Creating a simple webpage test with Selenium Webdriver

Creating a simple webpage test with Selenium Webdriver

In the previous post I have written about how to get started writing tests in Java with Selenium Webdriver. In this post I’ll guide you how to write a simple test using the project structure created in the previous post. As an example, I’ll use this website (fullstackvlad.com).

Step 1. Clearly define what you want to check on the webpage

A correct question is a half of  the answer.  To write an accurate test you should first define a criteria of correct work (it’s also a great way to know your system better!). In this example, I’m going to check if fullstackvlad.com main webpage contains the search input (marked by the red rectangle in the picture below).


Step 2. Find out how to implement the criteria in Selenium

To locate webpage elements I recommend using XPath selectors – they are more suitable for testing purposes then CSS selectors. Read this post to find out how to obtain a web page element’s XPath. In this case search input has XPath:

//*[@id="secondary"]/div[1]/div/form/div[1]/label/input

As for me, it’s not enough. The input field is not specified by id, class or any other attribute. Let’s take a look on the element to find more accurate search criteria:

<input type="search" class="search-field" placeholder="Search..." value="" name="s" title="Search for:">

I would use type=”search” as a criteria in this case. So we can now rewrite XPath:

//*[@id="secondary"]/div[1]/div/form/descendant::input[@type="search"]

That’s  better!

Step 3. Create a Java class for the page

Creating a separate class for each webpage and element is a good practice (generally, I recommend you follow PageFactory pattern). Since we use an existing project structure I’m going to use com.mysite.pages.HomePage.java class for interacting with the main page.

If you want to create a new class you can just copy HomePage.java class (writing tests is almost always about copying and pasting. That’s a QA secret, though – don’t tell anyone:)).

Step 4. Create a class for the target element

Following PageFactory pattern you should create a class for the target element a set it as a property of the page class. In this example, we have the input field which is a part of the search form. Usually in such cases I create a class for the form. The form class has a method for checking form elements existence.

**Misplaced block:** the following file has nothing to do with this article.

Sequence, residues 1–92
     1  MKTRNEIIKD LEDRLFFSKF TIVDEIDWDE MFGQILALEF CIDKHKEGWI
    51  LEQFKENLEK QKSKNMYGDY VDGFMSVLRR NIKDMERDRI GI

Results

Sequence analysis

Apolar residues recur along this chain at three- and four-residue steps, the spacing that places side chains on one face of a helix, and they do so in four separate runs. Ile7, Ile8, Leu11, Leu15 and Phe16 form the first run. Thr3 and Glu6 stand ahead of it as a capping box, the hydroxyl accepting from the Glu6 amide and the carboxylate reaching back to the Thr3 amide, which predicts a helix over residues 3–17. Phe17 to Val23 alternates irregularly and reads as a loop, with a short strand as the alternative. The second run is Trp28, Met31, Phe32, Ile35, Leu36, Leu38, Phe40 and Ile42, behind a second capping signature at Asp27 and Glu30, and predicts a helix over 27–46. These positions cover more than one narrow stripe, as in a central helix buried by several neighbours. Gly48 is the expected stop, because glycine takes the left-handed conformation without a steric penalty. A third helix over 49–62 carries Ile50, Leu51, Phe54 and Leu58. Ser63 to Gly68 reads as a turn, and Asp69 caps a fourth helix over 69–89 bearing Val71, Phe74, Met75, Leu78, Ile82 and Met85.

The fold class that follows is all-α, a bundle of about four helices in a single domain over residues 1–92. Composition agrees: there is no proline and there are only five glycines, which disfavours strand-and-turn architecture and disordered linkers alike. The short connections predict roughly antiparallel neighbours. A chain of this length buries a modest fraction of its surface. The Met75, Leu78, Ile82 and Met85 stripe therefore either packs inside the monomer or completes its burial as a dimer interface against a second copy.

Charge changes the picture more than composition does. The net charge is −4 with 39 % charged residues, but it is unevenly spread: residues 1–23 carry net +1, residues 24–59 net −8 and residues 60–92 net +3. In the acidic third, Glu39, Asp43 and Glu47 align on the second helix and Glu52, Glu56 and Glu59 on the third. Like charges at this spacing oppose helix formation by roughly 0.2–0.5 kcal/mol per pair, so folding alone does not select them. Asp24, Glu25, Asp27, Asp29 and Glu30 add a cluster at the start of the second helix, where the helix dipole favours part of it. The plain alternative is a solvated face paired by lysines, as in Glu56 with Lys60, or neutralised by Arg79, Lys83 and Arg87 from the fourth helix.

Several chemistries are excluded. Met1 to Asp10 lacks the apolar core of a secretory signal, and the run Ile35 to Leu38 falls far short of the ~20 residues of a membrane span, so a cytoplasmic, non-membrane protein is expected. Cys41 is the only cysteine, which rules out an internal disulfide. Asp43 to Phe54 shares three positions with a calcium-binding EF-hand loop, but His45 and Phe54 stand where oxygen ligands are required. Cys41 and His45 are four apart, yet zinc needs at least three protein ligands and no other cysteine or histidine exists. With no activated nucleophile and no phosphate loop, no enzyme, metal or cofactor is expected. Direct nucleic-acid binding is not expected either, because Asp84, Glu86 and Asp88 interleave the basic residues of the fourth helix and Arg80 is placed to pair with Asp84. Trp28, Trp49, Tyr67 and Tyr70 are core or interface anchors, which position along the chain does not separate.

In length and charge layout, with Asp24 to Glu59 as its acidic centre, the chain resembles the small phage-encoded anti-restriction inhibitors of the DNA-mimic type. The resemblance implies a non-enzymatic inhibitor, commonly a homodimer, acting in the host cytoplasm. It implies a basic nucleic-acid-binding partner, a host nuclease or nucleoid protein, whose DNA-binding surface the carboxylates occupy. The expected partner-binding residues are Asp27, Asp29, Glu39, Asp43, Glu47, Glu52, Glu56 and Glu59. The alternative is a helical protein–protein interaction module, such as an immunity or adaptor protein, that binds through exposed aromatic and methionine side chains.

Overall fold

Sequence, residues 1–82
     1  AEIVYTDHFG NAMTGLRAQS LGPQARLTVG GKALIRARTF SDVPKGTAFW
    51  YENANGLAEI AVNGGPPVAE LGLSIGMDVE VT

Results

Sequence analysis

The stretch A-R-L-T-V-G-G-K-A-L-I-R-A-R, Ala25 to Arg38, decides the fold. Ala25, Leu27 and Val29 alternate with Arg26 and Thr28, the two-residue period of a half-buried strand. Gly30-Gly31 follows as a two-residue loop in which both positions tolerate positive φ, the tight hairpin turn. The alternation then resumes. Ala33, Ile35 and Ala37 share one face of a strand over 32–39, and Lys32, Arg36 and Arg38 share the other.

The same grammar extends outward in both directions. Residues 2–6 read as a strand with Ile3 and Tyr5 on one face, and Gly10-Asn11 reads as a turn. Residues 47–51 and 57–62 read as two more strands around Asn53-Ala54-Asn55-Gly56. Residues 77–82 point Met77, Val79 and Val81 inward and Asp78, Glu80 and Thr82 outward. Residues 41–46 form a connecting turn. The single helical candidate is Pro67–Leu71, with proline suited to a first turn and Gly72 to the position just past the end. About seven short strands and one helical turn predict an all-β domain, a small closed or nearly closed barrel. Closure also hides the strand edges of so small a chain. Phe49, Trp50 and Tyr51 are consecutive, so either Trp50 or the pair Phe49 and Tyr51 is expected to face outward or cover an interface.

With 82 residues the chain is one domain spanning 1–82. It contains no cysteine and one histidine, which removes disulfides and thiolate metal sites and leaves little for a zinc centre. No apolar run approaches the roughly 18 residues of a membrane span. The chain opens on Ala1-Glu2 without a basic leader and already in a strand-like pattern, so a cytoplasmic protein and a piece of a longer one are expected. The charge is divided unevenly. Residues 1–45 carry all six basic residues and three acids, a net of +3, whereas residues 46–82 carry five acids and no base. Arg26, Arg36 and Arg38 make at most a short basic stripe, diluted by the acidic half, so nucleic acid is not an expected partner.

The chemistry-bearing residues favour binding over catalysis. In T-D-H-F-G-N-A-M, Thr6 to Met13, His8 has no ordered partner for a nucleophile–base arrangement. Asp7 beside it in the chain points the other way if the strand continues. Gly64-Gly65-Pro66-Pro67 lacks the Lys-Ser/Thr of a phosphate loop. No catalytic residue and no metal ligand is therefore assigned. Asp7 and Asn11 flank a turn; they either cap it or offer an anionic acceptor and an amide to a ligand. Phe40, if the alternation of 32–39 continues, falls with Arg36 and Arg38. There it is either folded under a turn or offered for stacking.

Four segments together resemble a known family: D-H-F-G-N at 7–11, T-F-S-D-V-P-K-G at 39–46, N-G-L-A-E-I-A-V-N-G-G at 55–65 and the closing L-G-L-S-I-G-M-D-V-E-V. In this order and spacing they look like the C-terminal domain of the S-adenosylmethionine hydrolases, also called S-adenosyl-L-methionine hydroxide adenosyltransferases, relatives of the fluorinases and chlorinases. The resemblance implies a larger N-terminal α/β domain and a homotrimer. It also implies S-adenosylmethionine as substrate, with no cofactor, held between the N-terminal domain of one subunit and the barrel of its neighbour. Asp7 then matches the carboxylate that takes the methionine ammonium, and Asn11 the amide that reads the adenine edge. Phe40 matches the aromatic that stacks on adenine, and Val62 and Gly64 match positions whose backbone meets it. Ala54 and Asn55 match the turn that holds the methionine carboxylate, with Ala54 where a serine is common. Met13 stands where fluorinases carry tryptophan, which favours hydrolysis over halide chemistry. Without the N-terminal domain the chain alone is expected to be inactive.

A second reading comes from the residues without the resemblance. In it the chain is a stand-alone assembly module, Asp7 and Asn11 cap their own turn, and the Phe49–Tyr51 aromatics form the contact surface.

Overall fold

package com.mysite.elements;

import org.openqa.selenium.By;
import org.openqa.selenium.NoSuchElementException;
import org.openqa.selenium.WebElement;

public class SearchForm
{
    protected WebElement form;

    public void setForm(WebElement object){
        form = object;
    }

    public boolean checkElementExistsByType(String type){
        try{
            form.findElement(By.xpath("./descendant::input[@type=\""+type+"\"]"));
            return true;
        }catch(NoSuchElementException e){
            return false;
        }
    }
}

The SearchForm.java class has WebElement form property to store the WebElement object, setter method and checkElementExistsByType method. In the Step 1 I have defined the search criteria based on the page element type attribute, so checkElementExistsByType method realize this logic. It looks for the form’s child input element with the specified type. If such element is not found, then NoSuchElementException exception is catched and false value is returned.

Step 5. Placing target element in the page class

I’ve created searchForm property in the HomePage.java class to store a SearchForm entity. Also I’ve added checkSearchFormExists method to be sure that search form exists in the page.

public class HomePage extends Page {

  private SearchForm searchForm;

  public HomePage(WebDriver webDriver) {
    super(webDriver);
  }

  public boolean checkSearchFormExists()
  {
    try{
        getSearchForm();
        return true;
    }catch(NoSuchElementException e){
        return false;
    }
  }

  public SearchForm getSearchForm()
  {
    if(searchForm == null){
      searchForm = new SearchForm();
      searchForm.setForm(driver.findElement(By.xpath("//*[@id=\"secondary\"]/div[1]/div/form")));
    }
    return searchForm;
  }
}

Step 6. Create a test

Finally I’ve added a test method testSearchInputExists. The method checks if search form exits on the page and it has search input element.

public class SampleTestNgTest extends TestNgTestBase {

  private HomePage homepage;

  @BeforeMethod
  public void initPageObjects() {
    homepage = PageFactory.initElements(driver, HomePage.class);
  }

  @Test
  public void testSearchInputExists() {
    driver.get(baseUrl);
    Assert.assertTrue(homepage.checkSearchFormExists());
    Assert.assertTrue(homepage.getSearchForm().checkElementExistsByType("search"));
  }
}

Step 7. Run the test

Now I’m ready to run the test (you can read how to run tests in this post). The result is:

===============================================
Tests
Total tests run: 1, Failures: 0, Skips: 0
===============================================
Author: vlad